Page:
Ukrainians on the island were a tightly knit community that largely kept away from Russians and had been surprised by the possible move, he added.
“Ukrainians respect Balinese law and culture. We do a lot for our local communities and don’t represent any risk for people in Bali,” Dmytro said.
“Many back in Ukraine have questions about Bali and would also love to come.”
“It’s very sad that Ukrainians are being put in the same (category) as Russians. Russians are the second largest tourist group in Bali and if you read the news, you’ll see how often it is Russians breaking local laws and disrespecting Balinese culture and traditions,” he added.
“So why do Ukrainians have to suffer when it isn’t us causing problems in Bali?”
Ukraine’s Honorary Consulate in Bali said in a statement to CNN that there were around 8,500 Ukrainian citizens on the island as of February 2023, holding various temporary and permanent visa permits.
“Ukrainians do not come for holiday to Bali at this current moment as our country is being invaded.
The Ukrainians coming to Bali now are for family unification (reasons) and are mostly female,” said spokesperson Nyoman Astama.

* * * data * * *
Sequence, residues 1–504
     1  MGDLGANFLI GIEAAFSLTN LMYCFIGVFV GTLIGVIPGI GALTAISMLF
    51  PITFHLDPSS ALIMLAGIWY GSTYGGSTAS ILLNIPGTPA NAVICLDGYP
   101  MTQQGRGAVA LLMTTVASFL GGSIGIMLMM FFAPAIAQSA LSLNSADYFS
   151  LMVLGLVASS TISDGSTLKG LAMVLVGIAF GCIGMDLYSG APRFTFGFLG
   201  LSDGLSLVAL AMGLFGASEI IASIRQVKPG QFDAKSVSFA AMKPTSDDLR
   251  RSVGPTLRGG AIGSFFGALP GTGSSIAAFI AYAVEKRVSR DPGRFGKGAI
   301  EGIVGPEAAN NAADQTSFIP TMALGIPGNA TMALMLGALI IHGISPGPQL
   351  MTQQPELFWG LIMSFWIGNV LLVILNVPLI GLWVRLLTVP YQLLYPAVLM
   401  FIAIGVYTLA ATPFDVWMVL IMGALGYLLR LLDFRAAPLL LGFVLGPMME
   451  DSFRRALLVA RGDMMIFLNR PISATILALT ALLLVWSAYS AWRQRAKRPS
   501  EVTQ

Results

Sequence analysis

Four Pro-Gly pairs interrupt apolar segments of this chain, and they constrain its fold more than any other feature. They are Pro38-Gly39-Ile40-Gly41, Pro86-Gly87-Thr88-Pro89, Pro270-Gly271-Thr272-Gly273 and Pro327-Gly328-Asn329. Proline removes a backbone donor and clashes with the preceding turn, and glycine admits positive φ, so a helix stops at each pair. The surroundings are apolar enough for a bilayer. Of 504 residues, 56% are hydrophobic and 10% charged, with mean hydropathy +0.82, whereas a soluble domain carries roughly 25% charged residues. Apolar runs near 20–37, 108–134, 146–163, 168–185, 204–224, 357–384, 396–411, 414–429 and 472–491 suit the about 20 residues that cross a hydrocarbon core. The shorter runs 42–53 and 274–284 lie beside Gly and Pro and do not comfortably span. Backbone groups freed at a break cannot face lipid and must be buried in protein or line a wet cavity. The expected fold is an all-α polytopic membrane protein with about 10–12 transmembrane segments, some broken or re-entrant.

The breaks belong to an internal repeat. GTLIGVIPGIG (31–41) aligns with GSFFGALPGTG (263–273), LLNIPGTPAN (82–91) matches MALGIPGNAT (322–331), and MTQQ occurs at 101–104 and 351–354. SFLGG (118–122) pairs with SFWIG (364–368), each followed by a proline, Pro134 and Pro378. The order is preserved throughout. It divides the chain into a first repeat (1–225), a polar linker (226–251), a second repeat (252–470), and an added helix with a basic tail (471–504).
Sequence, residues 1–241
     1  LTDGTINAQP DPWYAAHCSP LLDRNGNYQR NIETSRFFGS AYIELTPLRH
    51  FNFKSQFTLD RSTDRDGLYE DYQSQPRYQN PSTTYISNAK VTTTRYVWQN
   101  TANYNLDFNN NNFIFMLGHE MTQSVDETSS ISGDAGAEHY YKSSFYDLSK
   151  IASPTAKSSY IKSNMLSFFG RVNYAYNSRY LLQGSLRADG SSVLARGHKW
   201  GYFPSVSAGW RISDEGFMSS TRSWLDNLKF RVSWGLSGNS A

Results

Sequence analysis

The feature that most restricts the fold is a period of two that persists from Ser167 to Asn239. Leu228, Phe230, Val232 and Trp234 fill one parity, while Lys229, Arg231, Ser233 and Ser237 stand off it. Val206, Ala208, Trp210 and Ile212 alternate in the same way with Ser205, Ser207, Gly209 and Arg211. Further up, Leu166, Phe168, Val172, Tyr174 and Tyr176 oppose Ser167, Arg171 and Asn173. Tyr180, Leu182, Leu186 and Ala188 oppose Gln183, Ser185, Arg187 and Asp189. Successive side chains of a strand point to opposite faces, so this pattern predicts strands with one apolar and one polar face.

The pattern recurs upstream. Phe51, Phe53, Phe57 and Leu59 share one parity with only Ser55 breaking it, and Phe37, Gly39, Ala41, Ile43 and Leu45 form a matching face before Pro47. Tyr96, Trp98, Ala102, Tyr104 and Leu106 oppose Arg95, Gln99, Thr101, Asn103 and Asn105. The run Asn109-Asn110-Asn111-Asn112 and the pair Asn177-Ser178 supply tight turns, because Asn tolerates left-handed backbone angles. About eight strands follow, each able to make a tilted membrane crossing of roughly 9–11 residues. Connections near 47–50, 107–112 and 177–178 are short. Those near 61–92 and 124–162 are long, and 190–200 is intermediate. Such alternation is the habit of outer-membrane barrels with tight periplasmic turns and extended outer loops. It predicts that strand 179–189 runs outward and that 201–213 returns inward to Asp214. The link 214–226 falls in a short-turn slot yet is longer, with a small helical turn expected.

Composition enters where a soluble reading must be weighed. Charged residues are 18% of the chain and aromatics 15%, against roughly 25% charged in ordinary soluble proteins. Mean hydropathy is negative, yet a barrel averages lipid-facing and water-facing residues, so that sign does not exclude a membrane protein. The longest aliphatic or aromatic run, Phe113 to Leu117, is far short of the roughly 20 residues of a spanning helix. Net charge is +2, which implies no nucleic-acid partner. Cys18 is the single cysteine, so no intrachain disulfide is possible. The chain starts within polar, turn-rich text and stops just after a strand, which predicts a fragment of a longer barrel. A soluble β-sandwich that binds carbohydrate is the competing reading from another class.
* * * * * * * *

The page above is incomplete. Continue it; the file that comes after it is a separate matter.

“We reaffirm that Ukrainians in Bali do not want to violate the rules and regulations,” Astama added.
“It is imperative to enforce the law and implement the consequences for any breach of the law as voiced now by the people in Bali.”
Still, for now at least, anyone from either country still hoping for a visa on arrival can take some comfort in the fact that the central government is yet to decide on whether to grant the request by the Balinese authorities.
“We will discuss it in detail with other stakeholders,” Indonesian Minister of Tourism Sandiaga Uno told local reporters on Monday.
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Last modified: August 1, 2022